If I pay more for it I find the book more interactive and engaging... here I thought it was the story I was reading, not the price i paid for the book. Man all these years those hard cover readers really must enjoy them so much more than me reading the same text on paperback, I've been doing it wrong,. thank you apple for teaching me the way >_<

    I wanted to get an ereader about a year-ish ago then I saw the price was more than paperbacks and laughed ... digital copy costing more than the physical media is ridiculous. I hope the courts fine the crap out of these companies and hopefully it'll bring down the prices of e books to acceptable levels where it makes sense since it costs them nothing on distribution
  • -3 Hide
    danwat1234 , May 16, 2012 4:41 AM
    Isn't that bookshelf in Myst?
  • 2 Hide
    arlandi , May 16, 2012 7:58 AM
    danwat1234Isn't that bookshelf in Myst?


    no, that's the shelf in GoG.

    "from eBooks that are more interactive and engaging."
    what happen to imagination??
  • 2 Hide
    ubercake , May 16, 2012 11:52 AM
    We're actually to a point where most e-books are more expensive than their paperback counterparts. How do they justify this when the publishing cost is so low for the e-book?

    Let's take these suckers down!!!
  • 3 Hide
    del35 , May 16, 2012 1:10 PM
    Amazon seems like a beacon of freedom compared to the Apple handyourwalletprison. Tis Apple magical contribution to technology. Never thought I would find myself loving Amazon, Google, and Microsoft.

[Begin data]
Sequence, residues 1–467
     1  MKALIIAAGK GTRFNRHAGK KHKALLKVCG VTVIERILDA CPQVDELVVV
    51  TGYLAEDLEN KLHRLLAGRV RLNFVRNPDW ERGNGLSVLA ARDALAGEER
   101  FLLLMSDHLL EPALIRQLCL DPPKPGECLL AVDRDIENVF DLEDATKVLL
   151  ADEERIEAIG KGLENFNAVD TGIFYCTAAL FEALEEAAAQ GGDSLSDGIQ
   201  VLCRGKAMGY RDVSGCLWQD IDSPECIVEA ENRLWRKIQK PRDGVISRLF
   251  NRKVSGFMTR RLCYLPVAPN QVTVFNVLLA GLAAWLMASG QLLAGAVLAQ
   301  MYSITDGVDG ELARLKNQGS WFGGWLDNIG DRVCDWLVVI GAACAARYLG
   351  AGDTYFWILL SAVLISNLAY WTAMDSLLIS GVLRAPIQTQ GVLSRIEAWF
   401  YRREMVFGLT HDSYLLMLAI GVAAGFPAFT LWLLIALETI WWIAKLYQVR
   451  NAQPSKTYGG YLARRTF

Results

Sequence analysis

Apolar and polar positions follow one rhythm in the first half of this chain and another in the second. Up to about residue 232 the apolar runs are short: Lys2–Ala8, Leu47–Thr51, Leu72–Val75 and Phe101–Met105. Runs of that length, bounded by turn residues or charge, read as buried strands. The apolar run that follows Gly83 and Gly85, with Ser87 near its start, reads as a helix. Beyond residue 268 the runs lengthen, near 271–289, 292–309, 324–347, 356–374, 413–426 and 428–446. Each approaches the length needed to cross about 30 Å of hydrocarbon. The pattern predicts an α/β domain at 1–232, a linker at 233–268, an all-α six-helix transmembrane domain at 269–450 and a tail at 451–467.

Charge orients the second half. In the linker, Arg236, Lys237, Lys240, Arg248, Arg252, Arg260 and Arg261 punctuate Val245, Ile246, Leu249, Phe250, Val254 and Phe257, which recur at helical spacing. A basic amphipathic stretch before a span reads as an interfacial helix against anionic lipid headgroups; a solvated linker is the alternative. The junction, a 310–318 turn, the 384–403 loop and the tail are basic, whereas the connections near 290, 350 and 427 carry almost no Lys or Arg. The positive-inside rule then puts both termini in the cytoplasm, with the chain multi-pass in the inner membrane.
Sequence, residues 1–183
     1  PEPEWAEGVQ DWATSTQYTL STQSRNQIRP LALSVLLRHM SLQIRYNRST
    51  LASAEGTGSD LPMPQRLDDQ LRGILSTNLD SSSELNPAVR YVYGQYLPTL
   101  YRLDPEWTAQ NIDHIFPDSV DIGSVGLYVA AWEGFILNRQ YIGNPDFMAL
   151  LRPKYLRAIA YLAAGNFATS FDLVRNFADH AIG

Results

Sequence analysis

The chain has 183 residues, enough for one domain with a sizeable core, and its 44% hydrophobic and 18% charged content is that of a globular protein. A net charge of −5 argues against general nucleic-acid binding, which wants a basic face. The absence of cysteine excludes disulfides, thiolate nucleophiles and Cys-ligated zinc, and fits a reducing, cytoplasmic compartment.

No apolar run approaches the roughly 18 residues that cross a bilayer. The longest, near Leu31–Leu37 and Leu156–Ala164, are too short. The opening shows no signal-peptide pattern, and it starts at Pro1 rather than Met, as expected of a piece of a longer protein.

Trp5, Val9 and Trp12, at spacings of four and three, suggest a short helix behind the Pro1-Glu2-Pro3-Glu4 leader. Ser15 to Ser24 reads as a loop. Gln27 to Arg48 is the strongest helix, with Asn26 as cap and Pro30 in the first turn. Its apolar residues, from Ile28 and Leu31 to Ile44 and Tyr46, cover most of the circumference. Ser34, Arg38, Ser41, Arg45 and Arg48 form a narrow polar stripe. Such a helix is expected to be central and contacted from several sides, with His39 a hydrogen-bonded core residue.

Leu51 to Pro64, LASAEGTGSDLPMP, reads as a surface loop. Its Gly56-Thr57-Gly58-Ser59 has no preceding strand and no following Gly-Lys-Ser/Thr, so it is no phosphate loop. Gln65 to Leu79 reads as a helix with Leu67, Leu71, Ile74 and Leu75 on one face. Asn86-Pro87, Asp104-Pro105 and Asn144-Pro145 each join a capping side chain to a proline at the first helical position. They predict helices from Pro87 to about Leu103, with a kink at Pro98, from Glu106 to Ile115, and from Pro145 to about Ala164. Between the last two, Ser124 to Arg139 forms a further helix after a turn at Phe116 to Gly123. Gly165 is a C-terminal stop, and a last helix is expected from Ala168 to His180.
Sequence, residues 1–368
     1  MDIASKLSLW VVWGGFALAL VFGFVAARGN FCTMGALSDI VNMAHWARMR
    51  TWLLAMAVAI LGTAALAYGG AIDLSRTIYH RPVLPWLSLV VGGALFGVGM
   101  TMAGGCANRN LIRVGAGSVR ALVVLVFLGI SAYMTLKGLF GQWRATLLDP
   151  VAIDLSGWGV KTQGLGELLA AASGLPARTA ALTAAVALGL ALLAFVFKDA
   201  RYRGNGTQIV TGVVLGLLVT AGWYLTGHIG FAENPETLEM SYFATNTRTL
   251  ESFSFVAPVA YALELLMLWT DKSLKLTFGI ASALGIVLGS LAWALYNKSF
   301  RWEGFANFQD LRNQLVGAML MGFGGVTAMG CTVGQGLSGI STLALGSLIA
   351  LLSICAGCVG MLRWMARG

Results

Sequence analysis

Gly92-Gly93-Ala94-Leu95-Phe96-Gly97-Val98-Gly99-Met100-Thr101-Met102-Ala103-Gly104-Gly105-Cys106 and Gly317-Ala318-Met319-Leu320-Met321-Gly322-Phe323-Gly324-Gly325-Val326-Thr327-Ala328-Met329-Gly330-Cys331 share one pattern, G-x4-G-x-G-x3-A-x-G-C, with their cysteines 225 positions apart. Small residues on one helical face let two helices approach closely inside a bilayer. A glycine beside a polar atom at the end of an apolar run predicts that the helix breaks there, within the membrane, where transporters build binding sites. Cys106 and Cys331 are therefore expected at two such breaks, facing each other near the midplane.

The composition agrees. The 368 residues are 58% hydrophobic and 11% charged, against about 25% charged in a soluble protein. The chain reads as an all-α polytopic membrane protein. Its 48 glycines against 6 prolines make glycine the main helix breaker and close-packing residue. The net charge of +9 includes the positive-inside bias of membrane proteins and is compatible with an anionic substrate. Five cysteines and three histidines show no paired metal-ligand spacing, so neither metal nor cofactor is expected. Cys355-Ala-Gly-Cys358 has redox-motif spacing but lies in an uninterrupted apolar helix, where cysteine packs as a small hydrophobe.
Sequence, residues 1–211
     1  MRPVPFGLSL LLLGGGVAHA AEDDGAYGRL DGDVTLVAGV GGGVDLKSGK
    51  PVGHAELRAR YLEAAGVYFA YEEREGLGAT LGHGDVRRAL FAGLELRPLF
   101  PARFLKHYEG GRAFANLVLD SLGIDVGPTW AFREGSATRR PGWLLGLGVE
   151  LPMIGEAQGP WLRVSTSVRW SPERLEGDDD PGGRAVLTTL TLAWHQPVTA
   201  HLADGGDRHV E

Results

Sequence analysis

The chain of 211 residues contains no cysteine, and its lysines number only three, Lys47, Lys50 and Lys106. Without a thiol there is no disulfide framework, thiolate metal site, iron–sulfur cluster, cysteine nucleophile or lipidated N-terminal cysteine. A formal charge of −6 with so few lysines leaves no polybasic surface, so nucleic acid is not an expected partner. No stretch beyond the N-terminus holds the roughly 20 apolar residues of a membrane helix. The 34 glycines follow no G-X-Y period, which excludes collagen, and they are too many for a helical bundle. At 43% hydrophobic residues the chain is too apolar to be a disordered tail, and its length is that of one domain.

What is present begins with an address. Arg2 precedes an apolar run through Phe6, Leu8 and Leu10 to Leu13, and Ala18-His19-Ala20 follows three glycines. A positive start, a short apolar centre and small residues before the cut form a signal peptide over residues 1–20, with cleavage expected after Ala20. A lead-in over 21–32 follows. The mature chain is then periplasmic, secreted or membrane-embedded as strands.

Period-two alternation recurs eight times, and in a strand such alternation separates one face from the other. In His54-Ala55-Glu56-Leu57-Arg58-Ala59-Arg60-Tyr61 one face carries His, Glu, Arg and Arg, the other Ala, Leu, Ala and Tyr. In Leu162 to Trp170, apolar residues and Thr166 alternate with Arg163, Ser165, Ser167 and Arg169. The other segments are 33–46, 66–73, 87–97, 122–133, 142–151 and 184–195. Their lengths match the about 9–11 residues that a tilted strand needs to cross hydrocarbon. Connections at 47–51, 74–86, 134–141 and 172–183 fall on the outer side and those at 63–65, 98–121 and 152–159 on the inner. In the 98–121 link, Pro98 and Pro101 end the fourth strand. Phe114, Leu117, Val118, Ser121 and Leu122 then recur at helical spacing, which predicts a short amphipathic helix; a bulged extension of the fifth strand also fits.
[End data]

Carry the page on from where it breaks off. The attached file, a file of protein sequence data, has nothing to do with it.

• -2 Hide
    Anonymous , May 16, 2012 1:27 PM
    This all depends one which sale model you prefer. The Amazon model is: "Mr. Publisher, you sell Amazon the books at a very discounted price and Amazon will turn around and set the retail price even lower (to even below the suggested retail price) to sell to our customers". Amazon loses money on every e-book they sell. But, they make by selling e-book readers, i.e. Kindles. The Publishers make lower profits, or lose money, and the writers (as always) get squat. Customers pay artificially low prices.

    The Agency Model is Apple saying to the Publishers: "Mr. Publisher, you sell your books in the iBookStore at whatever price you want. Whatever the price Apple will get a 30% commission on every sale". Publishers make an appropriate profit, writers earn more, Apple makes 30% commission (just like products sold in the iTunes store). Customers pay suggested retail prices.
  • 1 Hide
    blazorthon , May 16, 2012 1:53 PM
    Mac HelpThis all depends one which sale model you prefer. The Amazon model is: "Mr. Publisher, you sell Amazon the books at a very discounted price and Amazon will turn around and set the retail price even lower (to even below the suggested retail price) to sell to our customers". Amazon loses money on every e-book they sell. But, they make by selling e-book readers, i.e. Kindles. The Publishers make lower profits, or lose money, and the writers (as always) get squat. Customers pay artificially low prices.The Agency Model is Apple saying to the Publishers: "Mr. Publisher, you sell your books in the iBookStore at whatever price you want. Whatever the price Apple will get a 30% commission on every sale". Publishers make an appropriate profit, writers earn more, Apple makes 30% commission (just like products sold in the iTunes store). Customers pay suggested retail prices.